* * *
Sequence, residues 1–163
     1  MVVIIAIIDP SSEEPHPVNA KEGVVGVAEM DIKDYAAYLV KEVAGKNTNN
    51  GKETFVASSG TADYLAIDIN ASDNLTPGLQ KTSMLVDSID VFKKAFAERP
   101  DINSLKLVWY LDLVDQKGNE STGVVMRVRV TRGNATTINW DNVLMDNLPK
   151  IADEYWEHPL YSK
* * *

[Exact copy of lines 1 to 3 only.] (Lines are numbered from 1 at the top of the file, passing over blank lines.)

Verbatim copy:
Sequence, residues 1–163
     1  MVVIIAIIDP SSEEPHPVNA KEGVVGVAEM DIKDYAAYLV KEVAGKNTNN
    51  GKETFVASSG TADYLAIDIN ASDNLTPGLQ KTSMLVDSID VFKKAFAERP